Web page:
And therein lies the humbling aspect of having a label like “work-at-home mothers.” It is empowering, yes, but it also gives us a clarity of vision that we are the underdogs. It makes you aware of what you are entitled to (recognition that you belong to a legitimate workforce), but that you are deprived of it in reality (people think of what you do as a hobby). Whereas before, there was this image of financially secure, happy stay-at-home mothers who take on little side businesses to pass time or as a creative outlet, now there is this stark underclass of workers who labor long hours for little money and no recognition.

And it is hard work, working around your children that is. I can only speak for myself, but there is no extra time left over in a day when you are parenting and housekeeping full time. Aside from a few hours a week when both my children go to (short) daycare, I work only at night, after the children go to bed. During the day with the three-year and 15-month olds running around causing trouble and needing things all the time, it is impossible to work much. I do love working late nights because it is so deliciously quiet, but it is not ideal because I tend to get sleep deprived. Being workaholic by nature, I often can’t stop till 2 or 3 am, and it’s inevitable on those mornings that my children choose to wake up at 5:30. If coffee didn’t exist I don’t know how I’d function.

My schedule actually reminds me of my days as a litigation lawyer, where late nights were the norm. Actually, you could say it was easier back then, because when I did get home at 3 am, I could at least sleep soundly for a few hours. Now… let’s just say my children are not good sleepers.

I’m digressing. Of course I love what I do and I certainly do not have anything to complain about. I feel extremely lucky that I get to spend so much time with my children and take on my business at the same time. Hopefully though, with the help of people like Chantal, work-at-home mothers will also get the recognition they deserve, eventually.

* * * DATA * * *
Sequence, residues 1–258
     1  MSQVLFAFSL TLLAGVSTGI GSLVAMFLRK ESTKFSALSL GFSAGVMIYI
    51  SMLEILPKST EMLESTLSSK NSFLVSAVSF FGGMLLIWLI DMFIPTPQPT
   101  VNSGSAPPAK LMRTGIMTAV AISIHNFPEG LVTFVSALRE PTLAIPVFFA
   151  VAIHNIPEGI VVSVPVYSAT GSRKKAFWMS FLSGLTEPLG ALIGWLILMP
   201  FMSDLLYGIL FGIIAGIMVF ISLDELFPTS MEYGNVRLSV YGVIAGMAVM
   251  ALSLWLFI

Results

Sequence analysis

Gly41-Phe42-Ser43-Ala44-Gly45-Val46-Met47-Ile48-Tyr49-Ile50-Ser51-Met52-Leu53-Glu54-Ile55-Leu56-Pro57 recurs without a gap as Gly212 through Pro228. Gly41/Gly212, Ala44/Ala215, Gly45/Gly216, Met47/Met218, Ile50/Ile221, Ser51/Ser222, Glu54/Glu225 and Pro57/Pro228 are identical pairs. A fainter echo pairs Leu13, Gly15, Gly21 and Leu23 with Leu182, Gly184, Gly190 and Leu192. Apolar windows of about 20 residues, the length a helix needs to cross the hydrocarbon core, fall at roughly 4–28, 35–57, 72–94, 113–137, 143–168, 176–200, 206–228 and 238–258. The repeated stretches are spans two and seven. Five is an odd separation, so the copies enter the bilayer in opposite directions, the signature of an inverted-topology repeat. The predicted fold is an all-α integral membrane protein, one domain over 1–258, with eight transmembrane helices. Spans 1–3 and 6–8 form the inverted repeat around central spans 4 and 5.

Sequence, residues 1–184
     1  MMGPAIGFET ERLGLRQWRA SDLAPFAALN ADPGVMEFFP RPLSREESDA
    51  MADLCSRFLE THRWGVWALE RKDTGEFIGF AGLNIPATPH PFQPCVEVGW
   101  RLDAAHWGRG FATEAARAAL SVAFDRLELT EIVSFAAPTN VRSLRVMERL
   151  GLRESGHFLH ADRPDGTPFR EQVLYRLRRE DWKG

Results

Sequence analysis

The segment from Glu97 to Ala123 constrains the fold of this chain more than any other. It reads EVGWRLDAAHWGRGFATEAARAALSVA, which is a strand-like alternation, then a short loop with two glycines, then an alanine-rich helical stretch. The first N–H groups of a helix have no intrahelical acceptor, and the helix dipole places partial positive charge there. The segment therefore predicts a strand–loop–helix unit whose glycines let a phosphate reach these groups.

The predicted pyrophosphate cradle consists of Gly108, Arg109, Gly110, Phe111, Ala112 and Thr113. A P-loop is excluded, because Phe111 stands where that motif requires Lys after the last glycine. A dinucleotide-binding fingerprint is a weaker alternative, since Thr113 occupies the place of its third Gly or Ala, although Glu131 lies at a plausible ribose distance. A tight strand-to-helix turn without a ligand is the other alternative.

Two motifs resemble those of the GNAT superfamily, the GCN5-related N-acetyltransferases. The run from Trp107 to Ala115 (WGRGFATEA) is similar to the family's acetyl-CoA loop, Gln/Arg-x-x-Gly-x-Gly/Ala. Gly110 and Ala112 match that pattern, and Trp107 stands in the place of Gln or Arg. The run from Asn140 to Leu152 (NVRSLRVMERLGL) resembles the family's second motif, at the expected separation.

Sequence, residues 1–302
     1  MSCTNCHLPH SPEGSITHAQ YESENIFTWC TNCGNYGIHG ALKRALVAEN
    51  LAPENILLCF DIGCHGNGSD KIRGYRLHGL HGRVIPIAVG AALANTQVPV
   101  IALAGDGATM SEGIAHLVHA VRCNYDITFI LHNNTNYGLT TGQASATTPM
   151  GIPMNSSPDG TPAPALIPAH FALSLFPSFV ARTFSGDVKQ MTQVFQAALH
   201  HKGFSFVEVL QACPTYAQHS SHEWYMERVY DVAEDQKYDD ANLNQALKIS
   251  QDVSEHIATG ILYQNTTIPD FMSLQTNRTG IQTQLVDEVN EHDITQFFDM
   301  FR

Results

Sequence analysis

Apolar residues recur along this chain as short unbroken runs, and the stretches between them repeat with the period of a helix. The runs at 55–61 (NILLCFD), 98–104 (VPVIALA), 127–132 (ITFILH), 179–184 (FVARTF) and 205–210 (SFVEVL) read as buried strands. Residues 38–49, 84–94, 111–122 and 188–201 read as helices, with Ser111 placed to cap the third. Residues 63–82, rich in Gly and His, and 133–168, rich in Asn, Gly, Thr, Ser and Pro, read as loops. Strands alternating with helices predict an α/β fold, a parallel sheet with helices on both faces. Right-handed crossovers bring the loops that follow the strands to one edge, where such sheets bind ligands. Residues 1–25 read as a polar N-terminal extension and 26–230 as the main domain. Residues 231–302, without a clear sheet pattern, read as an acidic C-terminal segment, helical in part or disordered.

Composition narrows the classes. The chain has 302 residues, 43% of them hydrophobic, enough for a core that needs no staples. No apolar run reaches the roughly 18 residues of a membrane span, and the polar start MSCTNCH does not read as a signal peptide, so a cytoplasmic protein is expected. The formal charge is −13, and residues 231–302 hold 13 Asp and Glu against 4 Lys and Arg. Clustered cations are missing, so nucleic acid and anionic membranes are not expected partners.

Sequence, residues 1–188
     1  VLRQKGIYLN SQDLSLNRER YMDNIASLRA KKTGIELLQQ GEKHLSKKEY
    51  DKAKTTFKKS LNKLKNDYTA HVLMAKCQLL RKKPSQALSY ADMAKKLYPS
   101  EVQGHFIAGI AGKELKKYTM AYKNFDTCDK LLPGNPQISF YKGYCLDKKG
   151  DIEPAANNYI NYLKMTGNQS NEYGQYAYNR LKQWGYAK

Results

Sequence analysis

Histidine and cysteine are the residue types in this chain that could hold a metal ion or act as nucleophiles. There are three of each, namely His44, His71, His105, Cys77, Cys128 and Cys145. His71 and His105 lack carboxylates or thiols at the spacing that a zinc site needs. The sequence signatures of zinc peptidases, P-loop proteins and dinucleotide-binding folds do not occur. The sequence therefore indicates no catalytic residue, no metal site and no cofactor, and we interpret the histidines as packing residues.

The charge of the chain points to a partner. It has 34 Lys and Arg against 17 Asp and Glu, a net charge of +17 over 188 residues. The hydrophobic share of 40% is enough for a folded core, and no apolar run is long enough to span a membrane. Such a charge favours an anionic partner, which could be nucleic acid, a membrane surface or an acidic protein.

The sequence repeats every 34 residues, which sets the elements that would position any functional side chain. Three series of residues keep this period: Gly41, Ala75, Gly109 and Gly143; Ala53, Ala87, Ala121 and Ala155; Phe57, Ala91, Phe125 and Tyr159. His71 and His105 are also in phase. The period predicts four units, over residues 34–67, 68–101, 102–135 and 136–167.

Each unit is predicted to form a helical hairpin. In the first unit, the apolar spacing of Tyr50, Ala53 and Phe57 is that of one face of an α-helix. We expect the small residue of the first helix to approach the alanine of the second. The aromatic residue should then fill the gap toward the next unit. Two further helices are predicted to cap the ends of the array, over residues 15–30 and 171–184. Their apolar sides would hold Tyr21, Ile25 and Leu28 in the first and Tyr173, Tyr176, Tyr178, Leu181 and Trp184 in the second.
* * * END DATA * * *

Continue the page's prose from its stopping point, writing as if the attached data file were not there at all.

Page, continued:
Border prints

Japanese children’s prints seem to come in three types: all-over print, border prints, and panel prints. All-over print is like any Western prints, with the same images printed repeatedly across the fabric. You can use any part of the fabric and make almost identical products. Border prints and panel prints, on the other hand, seem practically unique to Japanese fabric — I can’t recall seeing anything like them elsewhere.

Border prints have “feature” images printed along the two borders of fabric (along the selvages), and something else (or nothing) in the middle section of the fabric. Like this:
































Panel prints have different image “sections” scattered all over the fabric, so depending on how you cut your fabric, you end up with completely different images. Like this:














I have a love / hate relationship with these prints. I love them because they are irresistibly cute, and they appeal to my creative spirit. I get all excited thinking, I can use this part of the fabric for a backpack, and then the middle section for a lunch bag, and so on. It’s like a puzzle to me. I also get deluded into thinking what a great value these prints are, because you can make different-looking bags using the same yard of fabric.